Farm Ireland
Independent.ie

Monday 18 December 2017

Relief over rates for forestry grants

Darragh McCullough

Darragh McCullough

Farmers intending to plant woodland are breathing a sigh of relief this week, following the unveiling of the new forestry grant rates.

The sector had feared the worst when it was announced that the planting budget was to be slashed by 25pc.

The new rates announced by the Department of Agriculture this week show that most establishment grants have been reduced by 16pc on average.

However, farmers will be able to make significant savings by virtue of the reduced stocking densities required by the new Department guidelines. For example, oak- and beech-planting density has been reduced to 3,300 stems/ha, and alder density has been lowered to 2,500 stems/ha.

Crucially, the forestry premia have not been cut any further, following their 8pc reduction last year.

The only alteration is that there will be no differential between premiums according to the area planted.

All new applications will be paid premiums equivalent to current rates for areas greater than or equal to six hectares but less than 12ha.

Unenclosed land has been hardest hit, with both premia and establishment grants reduced.

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"There is a huge sigh of relief throughout the sector, given that we are in a period of deflation, and costs are slightly lower in terms of labour and machinery hire," said forestry specialist Joe Barry.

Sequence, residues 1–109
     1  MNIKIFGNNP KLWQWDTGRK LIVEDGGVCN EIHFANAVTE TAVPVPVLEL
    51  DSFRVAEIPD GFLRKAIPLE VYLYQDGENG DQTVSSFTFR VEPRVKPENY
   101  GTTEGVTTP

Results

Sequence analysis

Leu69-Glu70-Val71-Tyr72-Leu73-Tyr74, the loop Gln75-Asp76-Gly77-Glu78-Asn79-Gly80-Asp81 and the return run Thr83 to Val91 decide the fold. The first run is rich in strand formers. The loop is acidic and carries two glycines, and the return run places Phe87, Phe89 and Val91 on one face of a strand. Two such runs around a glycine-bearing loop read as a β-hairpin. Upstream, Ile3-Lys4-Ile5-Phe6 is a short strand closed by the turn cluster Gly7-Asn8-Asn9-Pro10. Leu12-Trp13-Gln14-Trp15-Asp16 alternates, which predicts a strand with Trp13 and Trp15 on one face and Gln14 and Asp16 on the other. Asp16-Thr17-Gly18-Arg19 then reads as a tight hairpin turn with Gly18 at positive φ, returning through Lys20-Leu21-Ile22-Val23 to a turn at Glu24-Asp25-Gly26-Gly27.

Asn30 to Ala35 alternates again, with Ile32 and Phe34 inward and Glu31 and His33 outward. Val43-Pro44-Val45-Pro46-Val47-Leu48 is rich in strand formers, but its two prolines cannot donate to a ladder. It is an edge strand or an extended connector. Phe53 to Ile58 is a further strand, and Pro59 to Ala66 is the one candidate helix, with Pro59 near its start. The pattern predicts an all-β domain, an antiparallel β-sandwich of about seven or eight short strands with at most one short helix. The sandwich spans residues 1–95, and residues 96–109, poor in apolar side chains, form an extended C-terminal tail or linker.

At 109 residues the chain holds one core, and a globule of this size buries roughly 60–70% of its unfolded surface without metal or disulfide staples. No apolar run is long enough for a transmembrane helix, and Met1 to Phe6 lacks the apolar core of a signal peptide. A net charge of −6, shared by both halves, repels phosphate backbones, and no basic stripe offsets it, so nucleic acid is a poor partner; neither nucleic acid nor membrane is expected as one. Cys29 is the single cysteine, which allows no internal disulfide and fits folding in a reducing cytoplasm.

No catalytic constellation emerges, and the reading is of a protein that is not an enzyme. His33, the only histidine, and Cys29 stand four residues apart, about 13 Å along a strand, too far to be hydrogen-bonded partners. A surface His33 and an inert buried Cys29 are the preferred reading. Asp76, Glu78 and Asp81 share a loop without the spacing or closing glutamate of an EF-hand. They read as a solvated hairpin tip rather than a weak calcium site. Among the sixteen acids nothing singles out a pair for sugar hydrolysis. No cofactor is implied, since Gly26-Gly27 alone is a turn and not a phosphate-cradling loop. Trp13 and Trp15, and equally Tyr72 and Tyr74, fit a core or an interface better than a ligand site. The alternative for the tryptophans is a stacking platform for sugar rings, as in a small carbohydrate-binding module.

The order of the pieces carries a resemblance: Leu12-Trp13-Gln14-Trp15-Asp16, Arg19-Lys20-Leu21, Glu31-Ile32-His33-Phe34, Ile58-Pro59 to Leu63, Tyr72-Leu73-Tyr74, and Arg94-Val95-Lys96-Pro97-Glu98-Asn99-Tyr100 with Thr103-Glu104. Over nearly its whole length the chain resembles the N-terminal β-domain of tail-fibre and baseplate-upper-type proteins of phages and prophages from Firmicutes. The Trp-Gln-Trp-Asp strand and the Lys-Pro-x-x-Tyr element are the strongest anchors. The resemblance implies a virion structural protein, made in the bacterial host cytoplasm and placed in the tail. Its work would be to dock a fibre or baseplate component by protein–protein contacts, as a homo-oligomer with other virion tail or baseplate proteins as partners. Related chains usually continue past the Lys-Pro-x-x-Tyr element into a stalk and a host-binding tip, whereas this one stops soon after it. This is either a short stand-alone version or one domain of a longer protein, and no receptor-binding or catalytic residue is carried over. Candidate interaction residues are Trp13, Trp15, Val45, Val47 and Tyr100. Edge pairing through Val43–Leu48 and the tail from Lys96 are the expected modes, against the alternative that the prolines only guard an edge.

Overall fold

"The establishment grants are still more than adequate to cover costs.

"The changes reflect a desire within the Department to be seen to encourage environmental demands.

"This is seen in the reduction in rates for unenclosed land, which is increasingly being perceived as of high habitat value."

He added: "There is also a slightly increased rate of premium for areas under six hectares, again valuing small plantations for their habitat and bio-diversity values, despite the difficulty in managing them as opposed to large areas of single species.

"On the other hand, the value of commercial forestry is fully recognised in the acceptance of the need to plant large areas of conifers to supply our thriving sawmilling and manufacturing sector."

Farmers should note that these rates only apply until 2013. For anyone planning on planting, the advise is to apply immediately.

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